Amateur radio is not CB.

"Oh, you mean CB, right?"

No, Good Buddy, Amateur Radio is a completely different service with different goals, different technical parameters and different equipment. In short, CB is used for talking and just talking, whether you're shooting the breeze or calling the dispatcher at your trucking company. Amateur radio is oriented toward radio experimentation and formal communications. Yes, shooting the breeze gets included there, although business communications do not. Community service and emergency communications are a big part of the amateur world. I don't need to say that to folks in disaster-prone areas, though :-)

If all you want to do on the radio is chitchat, and you don't care about how the radio works, or how to make it work better, CB (or FRS, maybe) is for you. But, if you want to experiment with radios, learn how they work, build your own transmitters and help serve your community, then I invite and encourage you to get a license and get on the air.

Here's some points of comparison. Another list is here.

ServiceCBAmateur RadioFRS
Purpose To provide private short-distance voice radio service for your personal and business activities. To provide a non-commercial radio service to the public, especially emergency communications; to provide a means for individuals to contribute to the radio art through experimentation and communication; to provide for a trained pool of radio operators, technicians and electronics experts; to enhance international goodwill. To provide family-related and recreational communications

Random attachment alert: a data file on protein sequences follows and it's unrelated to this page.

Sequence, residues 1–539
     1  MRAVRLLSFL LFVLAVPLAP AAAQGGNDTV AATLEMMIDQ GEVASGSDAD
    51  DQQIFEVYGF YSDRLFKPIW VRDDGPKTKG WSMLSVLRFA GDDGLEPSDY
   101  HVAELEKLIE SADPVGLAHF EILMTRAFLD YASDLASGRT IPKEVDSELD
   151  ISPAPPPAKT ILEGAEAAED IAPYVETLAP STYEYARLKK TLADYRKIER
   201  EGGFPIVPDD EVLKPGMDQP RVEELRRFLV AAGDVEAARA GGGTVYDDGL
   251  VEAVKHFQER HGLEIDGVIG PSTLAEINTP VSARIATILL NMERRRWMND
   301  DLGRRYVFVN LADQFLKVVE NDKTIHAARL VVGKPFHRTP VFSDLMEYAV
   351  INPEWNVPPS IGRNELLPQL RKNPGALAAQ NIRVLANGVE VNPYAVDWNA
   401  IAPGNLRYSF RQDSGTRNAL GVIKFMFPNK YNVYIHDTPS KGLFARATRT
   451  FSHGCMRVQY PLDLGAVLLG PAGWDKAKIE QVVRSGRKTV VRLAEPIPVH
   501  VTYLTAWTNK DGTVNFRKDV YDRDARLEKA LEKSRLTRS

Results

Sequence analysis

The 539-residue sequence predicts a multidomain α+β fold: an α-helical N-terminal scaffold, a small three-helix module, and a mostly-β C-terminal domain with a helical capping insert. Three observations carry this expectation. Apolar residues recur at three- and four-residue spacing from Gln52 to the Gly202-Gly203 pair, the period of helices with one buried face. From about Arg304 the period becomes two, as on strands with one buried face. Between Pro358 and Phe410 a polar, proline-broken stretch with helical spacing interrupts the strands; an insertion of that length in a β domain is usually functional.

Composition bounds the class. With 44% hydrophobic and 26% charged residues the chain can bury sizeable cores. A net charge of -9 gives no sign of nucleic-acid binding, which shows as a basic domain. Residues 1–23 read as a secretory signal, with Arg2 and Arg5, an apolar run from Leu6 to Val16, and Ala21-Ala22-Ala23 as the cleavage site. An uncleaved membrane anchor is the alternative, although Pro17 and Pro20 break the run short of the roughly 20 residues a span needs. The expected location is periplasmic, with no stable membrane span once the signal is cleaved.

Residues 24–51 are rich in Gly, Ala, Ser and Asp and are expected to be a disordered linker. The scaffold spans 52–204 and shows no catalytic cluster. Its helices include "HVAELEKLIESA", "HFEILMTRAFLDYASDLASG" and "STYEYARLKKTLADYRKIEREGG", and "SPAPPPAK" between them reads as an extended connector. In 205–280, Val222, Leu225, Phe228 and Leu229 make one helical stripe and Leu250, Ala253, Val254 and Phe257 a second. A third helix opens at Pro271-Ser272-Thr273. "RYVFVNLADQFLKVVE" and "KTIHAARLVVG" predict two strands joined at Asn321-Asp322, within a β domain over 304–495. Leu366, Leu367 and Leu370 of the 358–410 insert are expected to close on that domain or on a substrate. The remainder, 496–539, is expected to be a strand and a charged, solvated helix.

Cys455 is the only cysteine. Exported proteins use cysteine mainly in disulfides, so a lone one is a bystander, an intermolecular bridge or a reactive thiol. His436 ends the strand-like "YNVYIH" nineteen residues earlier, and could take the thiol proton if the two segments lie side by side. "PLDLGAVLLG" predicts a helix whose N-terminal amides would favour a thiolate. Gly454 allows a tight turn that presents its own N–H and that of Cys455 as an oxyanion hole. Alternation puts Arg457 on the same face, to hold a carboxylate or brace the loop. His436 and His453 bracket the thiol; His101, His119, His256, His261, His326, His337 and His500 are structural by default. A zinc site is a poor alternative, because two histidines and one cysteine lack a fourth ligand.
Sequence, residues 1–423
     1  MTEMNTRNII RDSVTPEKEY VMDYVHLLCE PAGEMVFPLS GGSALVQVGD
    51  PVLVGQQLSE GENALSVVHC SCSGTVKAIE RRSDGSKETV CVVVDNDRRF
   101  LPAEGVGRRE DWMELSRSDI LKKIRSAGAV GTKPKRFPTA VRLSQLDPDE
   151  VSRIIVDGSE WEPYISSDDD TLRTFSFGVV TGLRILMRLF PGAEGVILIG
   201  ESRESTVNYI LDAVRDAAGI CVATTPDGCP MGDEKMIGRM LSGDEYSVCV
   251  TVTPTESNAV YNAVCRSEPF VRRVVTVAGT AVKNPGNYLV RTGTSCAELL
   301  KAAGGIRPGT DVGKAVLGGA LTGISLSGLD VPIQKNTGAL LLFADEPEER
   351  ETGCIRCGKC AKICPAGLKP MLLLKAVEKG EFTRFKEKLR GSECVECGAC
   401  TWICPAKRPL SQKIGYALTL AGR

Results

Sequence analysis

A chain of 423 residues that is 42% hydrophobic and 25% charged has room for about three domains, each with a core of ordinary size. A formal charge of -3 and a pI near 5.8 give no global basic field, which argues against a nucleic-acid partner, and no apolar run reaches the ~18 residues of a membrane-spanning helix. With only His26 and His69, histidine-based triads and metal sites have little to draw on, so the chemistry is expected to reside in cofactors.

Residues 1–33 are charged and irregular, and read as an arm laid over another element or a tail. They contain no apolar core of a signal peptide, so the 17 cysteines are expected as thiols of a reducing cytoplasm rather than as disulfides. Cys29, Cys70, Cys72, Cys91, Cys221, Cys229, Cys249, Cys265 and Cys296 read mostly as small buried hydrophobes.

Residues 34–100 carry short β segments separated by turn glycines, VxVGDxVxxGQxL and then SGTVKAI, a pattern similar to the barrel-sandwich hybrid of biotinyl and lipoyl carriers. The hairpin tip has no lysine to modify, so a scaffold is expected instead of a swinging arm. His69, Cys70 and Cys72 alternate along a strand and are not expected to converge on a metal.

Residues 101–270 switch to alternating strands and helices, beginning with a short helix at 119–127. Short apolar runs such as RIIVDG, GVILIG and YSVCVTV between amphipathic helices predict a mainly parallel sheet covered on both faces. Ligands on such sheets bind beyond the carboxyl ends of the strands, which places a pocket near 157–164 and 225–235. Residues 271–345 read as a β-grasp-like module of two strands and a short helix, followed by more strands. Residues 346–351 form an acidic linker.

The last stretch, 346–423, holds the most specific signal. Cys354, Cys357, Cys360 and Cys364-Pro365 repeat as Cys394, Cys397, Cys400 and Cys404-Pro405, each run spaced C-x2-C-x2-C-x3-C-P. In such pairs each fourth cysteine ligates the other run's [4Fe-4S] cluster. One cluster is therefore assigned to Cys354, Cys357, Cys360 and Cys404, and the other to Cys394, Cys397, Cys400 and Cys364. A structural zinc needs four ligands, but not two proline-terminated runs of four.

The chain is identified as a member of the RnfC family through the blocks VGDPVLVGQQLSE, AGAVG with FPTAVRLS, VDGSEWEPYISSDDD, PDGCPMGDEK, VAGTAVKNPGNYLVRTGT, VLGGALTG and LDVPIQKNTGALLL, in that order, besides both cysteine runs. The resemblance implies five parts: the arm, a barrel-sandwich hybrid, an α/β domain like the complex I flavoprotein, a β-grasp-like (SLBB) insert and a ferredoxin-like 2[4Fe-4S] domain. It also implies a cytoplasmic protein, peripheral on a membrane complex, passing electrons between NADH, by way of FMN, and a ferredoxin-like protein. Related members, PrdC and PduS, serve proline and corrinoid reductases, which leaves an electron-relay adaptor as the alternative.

Rule Parts 47 CFR 95 subpart C 47 CFR 97 47 CFR 95 subpart B
Frequencies 40 individual frequencies near 27 MHz, chosen as 40 AM or 80 SSB channels. 25 continuous bands of frequencies covering about 7% of the entire radio spectrum. 14 individual frequencies near 462 MHz
Power Output Up to 12 watts Up to 1500 watts Up to 0.5 watts
Distance permitted 150 miles ("shooting skip" is illegal for CB.) Worldwide, including outer space. Line-of-sight. (5 miles is about the maximum you can expect)
May use repeaters No Yes No
Maximum antenna height 60 feet 2000 feet (requires FAA Approval if over 200 feet or near an airport.) Stock antenna supplied with radio only
License required No Yes No
Conduct data communications No Yes (even email!) No
Conduct business Yes No Yes (I expect a crackdown on non-family-related business use)
Connect to the phone network Only with manual connection and supervision at the connection point. May connect using automatic equipment. No
Construct your own radio No Yes (the amateur service is the only service where you are allowed to construct your own radio and operate it without specific approval of the FCC.) No
Get to say words like ****, ----, ####, and %%%%@@@@@@ No (Surprise! Now clean it up, you!) No No